Venezuela delays removing currency bills amid protests
Massive protests force Maduro to extend use of 100 bolivar bills
With protests rocking his unpopular government, embattled President Nicolas Maduro delayed until January 2 taking Venezuela’s highest denomination bill out of circulation. The 100 bolivar bills would temporarily remain legal tender, Maduro said Saturday, but the borders with Colombia and Brazil will remain closed to hit what he claims are “mafias” hoarding Venezuelan cash abroad in a US-backed plot to destabilize the country.
“You can calmly continue to use the 100 bill for your purchases and your activities,” Maduro said at a meeting with officials broadcast on state television.
The bill is worth about 15 US cents at the highest official rate, and until recently accounted for 77 percent of the cash in circulation in Venezuela. Venezuela has the world’s highest inflation rate, set to hit 475 percent this year according to the IMF. The government is trying to introduce new bills in denominations up to 200 times higher than the old ones, but the plan derailed when Maduro banned the 100 bolivar note before the new bills arrived.
Four airplanes with the new currency set to arrive from abroad were delayed by international sabotage, Maduro said. He did not say where the money was coming from, or what type of sabotage.
A very stressful Christmas
Venezuelans stood in long lines at banks all week to meet a Friday deadline to exchange their currency. When the deadline extension was announced people queued up again on Saturday. “I don’t agree with this, I’ve had to come all the way here with my miserable amount of cash to the BCV [Venezuelan Central Bank] in order to get money to eat. This is madness, I’m tired of it,” said Bismary Rivero, a 39 year-old homemaker, told AFP.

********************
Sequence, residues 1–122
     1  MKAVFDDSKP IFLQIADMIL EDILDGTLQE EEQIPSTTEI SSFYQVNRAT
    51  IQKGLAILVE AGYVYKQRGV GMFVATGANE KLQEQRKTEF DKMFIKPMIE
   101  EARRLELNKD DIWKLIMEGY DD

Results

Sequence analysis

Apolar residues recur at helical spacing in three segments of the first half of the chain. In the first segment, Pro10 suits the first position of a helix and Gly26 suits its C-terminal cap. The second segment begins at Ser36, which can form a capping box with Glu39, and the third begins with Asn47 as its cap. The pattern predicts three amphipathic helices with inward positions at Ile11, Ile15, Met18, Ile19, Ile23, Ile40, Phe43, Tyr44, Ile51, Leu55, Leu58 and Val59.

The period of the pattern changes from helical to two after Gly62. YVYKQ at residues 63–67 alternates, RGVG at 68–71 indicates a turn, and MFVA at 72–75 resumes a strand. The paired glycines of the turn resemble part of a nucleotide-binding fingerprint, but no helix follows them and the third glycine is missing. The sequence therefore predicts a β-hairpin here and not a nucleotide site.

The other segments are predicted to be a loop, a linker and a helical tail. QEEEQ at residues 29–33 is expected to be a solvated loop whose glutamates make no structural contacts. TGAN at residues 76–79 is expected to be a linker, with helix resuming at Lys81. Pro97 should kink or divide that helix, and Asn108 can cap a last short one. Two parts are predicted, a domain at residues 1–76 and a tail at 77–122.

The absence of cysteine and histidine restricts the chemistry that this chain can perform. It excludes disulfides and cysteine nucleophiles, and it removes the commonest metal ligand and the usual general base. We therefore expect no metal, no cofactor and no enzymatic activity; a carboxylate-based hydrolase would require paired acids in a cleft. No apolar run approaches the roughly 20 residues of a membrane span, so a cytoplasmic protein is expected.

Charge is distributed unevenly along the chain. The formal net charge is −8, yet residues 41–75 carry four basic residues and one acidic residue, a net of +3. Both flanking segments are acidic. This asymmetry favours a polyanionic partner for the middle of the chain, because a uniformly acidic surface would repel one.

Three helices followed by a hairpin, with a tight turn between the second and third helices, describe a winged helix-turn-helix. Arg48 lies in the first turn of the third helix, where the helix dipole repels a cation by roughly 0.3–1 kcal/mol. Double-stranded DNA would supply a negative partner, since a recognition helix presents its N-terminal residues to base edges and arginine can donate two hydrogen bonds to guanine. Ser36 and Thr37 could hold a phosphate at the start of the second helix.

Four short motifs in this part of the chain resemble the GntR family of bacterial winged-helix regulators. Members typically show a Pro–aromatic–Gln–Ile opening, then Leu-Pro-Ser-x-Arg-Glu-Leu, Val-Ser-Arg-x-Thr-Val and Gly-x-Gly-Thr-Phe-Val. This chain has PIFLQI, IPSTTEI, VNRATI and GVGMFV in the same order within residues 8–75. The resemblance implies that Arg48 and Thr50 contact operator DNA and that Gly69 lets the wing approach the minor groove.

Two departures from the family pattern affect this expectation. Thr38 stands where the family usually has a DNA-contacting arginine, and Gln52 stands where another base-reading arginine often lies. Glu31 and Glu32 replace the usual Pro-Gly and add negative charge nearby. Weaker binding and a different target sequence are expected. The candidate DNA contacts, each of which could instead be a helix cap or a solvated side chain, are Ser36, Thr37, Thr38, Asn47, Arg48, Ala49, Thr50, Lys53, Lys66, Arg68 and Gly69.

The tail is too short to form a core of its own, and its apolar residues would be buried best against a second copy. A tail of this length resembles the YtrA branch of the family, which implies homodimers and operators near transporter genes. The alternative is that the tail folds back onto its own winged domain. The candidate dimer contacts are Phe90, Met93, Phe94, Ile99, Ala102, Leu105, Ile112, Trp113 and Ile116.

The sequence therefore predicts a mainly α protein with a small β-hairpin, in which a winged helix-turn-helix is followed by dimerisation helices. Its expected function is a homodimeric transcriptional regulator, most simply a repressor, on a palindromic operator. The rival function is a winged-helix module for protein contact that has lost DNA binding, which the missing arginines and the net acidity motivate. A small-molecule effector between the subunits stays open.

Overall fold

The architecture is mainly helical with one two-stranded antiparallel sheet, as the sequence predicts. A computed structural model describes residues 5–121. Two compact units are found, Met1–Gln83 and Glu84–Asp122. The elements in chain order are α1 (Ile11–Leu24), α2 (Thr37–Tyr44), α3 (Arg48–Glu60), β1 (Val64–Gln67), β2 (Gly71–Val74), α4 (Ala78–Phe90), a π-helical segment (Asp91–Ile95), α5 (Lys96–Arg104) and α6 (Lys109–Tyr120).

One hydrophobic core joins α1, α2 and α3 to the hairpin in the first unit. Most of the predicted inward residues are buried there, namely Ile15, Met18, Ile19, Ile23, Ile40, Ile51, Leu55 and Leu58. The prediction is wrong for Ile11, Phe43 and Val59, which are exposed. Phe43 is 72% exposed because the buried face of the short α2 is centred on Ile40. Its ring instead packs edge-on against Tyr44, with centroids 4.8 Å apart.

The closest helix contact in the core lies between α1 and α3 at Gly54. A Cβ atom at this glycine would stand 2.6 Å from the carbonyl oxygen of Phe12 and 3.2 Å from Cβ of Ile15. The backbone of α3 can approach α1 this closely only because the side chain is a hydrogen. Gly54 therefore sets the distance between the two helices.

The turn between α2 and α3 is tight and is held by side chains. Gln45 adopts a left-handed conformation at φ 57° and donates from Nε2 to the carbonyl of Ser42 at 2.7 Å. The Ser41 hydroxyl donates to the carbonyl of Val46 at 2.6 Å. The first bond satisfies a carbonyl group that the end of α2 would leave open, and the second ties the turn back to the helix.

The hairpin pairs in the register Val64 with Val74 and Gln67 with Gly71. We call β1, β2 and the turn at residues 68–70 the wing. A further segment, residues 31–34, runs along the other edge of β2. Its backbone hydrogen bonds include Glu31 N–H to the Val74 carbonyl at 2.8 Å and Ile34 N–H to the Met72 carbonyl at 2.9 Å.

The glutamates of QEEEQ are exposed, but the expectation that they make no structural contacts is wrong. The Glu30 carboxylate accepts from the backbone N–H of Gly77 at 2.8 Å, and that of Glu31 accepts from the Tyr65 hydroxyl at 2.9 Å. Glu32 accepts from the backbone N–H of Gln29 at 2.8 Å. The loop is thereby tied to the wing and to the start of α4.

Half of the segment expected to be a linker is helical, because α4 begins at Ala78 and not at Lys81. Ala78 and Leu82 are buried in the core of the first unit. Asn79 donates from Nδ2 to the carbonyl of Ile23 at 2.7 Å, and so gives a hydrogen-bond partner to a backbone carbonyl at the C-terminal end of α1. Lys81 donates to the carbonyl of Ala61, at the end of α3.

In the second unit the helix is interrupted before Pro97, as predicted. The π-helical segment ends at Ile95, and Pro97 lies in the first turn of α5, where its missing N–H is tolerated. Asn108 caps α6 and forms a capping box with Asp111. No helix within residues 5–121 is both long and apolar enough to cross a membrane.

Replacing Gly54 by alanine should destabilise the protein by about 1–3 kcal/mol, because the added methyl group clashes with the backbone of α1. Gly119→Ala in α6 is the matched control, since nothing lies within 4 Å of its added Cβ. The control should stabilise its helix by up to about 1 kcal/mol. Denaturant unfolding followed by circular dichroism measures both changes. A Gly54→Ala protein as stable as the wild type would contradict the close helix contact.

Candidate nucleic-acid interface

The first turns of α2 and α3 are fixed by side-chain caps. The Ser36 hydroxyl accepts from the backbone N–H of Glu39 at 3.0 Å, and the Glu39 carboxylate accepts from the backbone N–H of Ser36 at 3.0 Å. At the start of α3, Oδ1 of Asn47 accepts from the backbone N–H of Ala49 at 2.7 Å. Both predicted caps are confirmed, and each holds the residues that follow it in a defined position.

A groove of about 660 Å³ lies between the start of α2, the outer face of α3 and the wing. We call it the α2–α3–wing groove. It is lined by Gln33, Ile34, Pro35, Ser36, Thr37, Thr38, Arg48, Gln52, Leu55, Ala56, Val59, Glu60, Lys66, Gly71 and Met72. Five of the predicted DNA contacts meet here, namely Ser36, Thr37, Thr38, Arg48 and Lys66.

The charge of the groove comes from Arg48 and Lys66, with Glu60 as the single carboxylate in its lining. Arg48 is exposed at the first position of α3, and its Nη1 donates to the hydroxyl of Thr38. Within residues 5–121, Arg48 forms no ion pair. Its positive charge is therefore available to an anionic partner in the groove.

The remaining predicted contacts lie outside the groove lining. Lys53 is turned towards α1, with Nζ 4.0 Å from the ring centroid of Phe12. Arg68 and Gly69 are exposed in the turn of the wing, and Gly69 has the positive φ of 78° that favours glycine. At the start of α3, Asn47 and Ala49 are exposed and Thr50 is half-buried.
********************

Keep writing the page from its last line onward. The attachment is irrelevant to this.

Rivero said that she traveled 450 kilometers (280 miles) from her village in the eastern state of Monagas to exchange her money. In a country with one of the highest rates of violent crime in the world, shoppers must carry unwieldy wads of bills to pay for their purchases.
Retirees had complained for months that their pensions were paid in unmanageable 50and 20-bolivar denominations. Rioting and angry protests erupted in several Venezuelan cities as the chaotic reform left people without cash to buy food or Christmas presents. Opposition politicians said Saturday that four people were killed in rioting in the capital of the southern state of Bolivar, though officials have not confirmed those figures. Unrest however was such that the Ciudad Bolivar mayor ordered a curfew banning “motorcycles, pedestrians and private vehicles” until late Monday.
The pro-Maduro state governor, Francisco Rangel Gomez, said on Twitter that 135 people were arrested for looting, and that soldiers were deployed “to re-establish order.”
In Guasdalito, in the central-western state of Apure, three state bank offices were torched, an incident Maduro late Friday blamed on unnamed opposition politicians.
Venezuela economy unraveling
Maduro has presided over an unraveling of Venezuela’s oil-rich economy as crude prices have plunged. He and predecessor Hugo Chavez have made the economy increasingly state-led. Now the importdependent country is desperately short of food, medicine and basic household goods. A recession driven by plunging prices for Venezuela’s crucial crude oil exports has led to shortages of food and medicine.
Citizens face long queues to buy basic supplies and inflation has soared. Deadly riots and looting have broken out over recent months. Analysts have warned there is a risk of unrest in Venezuela, which Human Rights Watch says is in the grips of a “humanitarian crisis.” Anti-government protests in 2014 led to clashes that left 43 people dead.
CARACAS: Bolivarian militia members take part in a rally to commemorate the anniversary of the death of Liberator Simon Bolivar, in Caracas on Saturday.
CARACAS: A man wears a red beret with the image of late Venezuela’s President Hugo Chavez during a rally in Caracas on Saturday.